For nearly 20 years, valley residents have been able to purchase a fresh Christmas tree from the Methow Valley Community Center Tree Sale in the Hank’s Harvest Foods parking lot. Proceeds from the sale of trees benefit the Community Center with the necessary funds to continually upgrade and maintain the historic landmark. The community kitchen, gymnasium refurbishment, bell tower restoration and exterior painting are just a few of the many projects the center has been able to accomplish thanks to the sale of trees.
The Tree Sale fundraiser was the brainchild of Larry Smith, longtime resident, and former president of the Community Center. The sale started in 2001 and has been the only reliable source of commercially available trees in the valley ever since. Sourcing the trees, purchasing them, and hauling them to Twisp is no small ordeal, but to Larry, it’s about community.
Each November, Smith travels down to southwest Washington to select the bundle, negotiates with wholesale tree farmers, and hauls them back here in his travel trailer. This year the 259 trees came from Pacific Timber in Lacey. But, for years, Smith would travel as far as Salem, Oregon, to select the trees from the Silver Mountain Tree Farm.
Larry, accompanied by fellow Twisp High School grad John Doran, comprise a duo who together make the sale into an annual event of its own — complete with a warm fire, decorated tents and friendly conversation to welcome shoppers, creating a festive environment. This year, however, sales are a little uncertain. Typically, the tree sales hinge around predictable traditions that have been radically altered from the pandemic. The holiday bazaars often bring in a rush of tree shoppers who follow up bazaar shopping with the ritual of finding a tree. Similarly, following church services on Sundays, shoppers routinely search for their tree. According to Doran, Thanksgiving weekend brings in the first rush of eager tree buyers, but the second weekend in December tends to the busiest time at the tree tent.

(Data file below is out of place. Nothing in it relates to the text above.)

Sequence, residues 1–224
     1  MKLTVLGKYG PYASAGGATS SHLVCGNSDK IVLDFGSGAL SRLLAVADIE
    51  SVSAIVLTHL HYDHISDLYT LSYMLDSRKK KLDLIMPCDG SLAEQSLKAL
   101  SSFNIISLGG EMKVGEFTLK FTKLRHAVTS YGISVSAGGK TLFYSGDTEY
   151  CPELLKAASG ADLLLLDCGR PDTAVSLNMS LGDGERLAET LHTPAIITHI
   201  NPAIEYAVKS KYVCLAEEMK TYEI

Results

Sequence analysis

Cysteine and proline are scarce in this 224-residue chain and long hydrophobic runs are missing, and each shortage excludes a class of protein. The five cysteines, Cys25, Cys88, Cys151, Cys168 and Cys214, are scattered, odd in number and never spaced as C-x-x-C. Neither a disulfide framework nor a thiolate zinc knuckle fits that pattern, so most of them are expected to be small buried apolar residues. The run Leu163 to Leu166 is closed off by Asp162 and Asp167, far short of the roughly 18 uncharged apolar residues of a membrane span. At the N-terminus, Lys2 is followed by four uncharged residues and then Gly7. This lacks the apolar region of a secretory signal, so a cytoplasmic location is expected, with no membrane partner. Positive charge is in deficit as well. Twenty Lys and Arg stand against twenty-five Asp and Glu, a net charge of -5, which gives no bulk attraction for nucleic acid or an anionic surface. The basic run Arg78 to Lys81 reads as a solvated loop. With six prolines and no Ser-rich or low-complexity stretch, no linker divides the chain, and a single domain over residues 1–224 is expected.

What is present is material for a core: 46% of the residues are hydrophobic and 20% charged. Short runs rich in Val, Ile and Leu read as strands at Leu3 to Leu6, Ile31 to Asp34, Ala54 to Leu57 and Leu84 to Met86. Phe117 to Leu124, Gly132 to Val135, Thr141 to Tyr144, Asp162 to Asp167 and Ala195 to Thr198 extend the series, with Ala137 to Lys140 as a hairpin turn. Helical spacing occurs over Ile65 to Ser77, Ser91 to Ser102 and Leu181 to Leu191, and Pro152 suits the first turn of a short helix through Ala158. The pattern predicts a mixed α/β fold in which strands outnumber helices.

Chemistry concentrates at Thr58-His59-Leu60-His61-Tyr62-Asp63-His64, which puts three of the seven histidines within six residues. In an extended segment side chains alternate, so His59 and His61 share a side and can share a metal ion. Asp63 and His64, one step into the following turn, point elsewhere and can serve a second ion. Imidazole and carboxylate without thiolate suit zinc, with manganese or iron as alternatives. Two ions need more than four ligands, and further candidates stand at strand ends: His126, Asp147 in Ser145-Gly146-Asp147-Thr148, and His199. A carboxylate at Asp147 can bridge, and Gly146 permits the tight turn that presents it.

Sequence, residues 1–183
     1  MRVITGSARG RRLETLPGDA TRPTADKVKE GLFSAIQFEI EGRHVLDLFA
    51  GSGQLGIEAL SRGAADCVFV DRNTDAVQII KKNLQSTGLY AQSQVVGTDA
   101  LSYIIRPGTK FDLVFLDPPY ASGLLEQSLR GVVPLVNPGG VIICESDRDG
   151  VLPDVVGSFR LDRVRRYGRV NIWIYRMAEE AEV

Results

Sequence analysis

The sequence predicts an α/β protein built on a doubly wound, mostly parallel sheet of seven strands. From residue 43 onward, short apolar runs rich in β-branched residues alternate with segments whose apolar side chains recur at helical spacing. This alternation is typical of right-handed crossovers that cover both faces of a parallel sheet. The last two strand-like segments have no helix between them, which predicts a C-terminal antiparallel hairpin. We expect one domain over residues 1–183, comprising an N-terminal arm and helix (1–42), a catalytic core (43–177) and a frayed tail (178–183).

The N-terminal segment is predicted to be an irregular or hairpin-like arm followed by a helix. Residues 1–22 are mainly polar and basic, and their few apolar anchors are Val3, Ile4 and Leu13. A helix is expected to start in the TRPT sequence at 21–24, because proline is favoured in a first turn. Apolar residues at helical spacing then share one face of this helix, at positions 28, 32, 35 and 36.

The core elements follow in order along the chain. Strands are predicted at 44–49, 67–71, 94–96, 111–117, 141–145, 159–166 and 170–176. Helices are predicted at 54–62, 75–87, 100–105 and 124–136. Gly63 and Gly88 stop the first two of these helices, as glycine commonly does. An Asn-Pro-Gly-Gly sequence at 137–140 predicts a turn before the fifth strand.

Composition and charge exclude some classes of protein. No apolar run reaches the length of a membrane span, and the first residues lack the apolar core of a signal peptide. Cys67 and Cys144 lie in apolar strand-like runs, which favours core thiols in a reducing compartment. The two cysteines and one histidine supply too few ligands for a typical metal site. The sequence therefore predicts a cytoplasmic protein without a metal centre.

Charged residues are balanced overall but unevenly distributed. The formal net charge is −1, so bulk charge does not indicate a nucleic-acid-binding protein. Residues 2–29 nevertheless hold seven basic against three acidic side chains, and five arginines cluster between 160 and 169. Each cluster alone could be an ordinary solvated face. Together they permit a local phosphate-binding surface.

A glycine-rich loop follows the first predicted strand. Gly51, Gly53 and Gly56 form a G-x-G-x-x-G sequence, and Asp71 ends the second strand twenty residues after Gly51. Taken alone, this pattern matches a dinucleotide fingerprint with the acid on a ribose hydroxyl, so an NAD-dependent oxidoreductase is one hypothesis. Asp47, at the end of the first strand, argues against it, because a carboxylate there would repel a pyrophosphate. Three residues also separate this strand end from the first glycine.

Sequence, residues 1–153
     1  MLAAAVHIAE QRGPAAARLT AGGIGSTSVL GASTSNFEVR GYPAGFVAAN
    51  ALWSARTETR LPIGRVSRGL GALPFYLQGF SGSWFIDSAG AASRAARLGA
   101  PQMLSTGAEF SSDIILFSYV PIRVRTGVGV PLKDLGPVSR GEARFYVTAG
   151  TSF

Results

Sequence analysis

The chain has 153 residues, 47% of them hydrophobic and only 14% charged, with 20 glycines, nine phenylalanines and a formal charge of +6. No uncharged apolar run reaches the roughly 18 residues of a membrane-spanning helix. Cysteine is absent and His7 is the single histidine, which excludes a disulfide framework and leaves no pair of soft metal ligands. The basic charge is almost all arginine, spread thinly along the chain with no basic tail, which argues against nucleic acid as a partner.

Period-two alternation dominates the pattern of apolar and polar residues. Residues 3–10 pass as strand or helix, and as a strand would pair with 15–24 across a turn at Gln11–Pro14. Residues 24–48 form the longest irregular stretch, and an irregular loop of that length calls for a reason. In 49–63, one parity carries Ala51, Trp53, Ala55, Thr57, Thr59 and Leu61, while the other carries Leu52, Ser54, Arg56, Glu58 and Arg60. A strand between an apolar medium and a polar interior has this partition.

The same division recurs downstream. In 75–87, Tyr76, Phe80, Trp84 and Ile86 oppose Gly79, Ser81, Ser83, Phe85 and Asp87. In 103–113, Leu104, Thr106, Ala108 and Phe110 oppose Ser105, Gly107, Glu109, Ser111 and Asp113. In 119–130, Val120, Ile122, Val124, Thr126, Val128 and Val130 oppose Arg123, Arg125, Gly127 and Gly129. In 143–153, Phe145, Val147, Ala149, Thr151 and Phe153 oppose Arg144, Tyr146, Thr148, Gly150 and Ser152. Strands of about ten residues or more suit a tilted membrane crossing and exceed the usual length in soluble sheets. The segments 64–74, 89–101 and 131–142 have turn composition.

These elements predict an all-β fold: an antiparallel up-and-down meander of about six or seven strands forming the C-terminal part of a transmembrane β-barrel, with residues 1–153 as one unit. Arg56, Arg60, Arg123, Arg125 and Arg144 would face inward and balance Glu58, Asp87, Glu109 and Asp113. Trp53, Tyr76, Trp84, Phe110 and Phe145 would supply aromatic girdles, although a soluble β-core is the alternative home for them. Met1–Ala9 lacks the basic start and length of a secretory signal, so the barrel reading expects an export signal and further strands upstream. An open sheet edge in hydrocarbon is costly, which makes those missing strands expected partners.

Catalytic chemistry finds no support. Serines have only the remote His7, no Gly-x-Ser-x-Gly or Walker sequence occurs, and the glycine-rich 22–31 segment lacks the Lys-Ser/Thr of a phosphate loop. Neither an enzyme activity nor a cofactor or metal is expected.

The trees are high-quality Noble firs. Native to southwest Washington and Oregon, Noble firs are known for their stout stature, fragrant alpine aroma and bluish-green tint. They are the primo of all Christmas trees. Like all commercial trees, they are sheered to create more robust foliage. During the economic downturn in 2008-2009, the commercial Christmas tree industry took a big hit, and many farms were unable to replant, creating a glut in the tree market that growers are just beginning to recover from. Farmers either didn’t cut for a few years, creating an abundance of taller trees, or didn’t replant, adding to a scarcity of smaller ones. It takes about eight years for the average tree to go to market.
Priced at $10/foot, one needs to consider the number of years, the fertilization, and the shearing that a tree farmer puts into the conscientious care of the trees. Smith hauls the trees up here for free and the trees are priced to be reasonably affordable to local families. Trees of all sizes are available, even 3-4 footers, but according to Smith, it’s the taller ones that go fast.
The annual tree sale welcomes any volunteers who want to spend a few hours at the tent selling trees. If you are interested in helping out at the tree sale and by proxy, the Community Center and tree duo could use a break now and again. Stop by the tent or call Larry at (509) 322-5603 to offer up a few hours of help.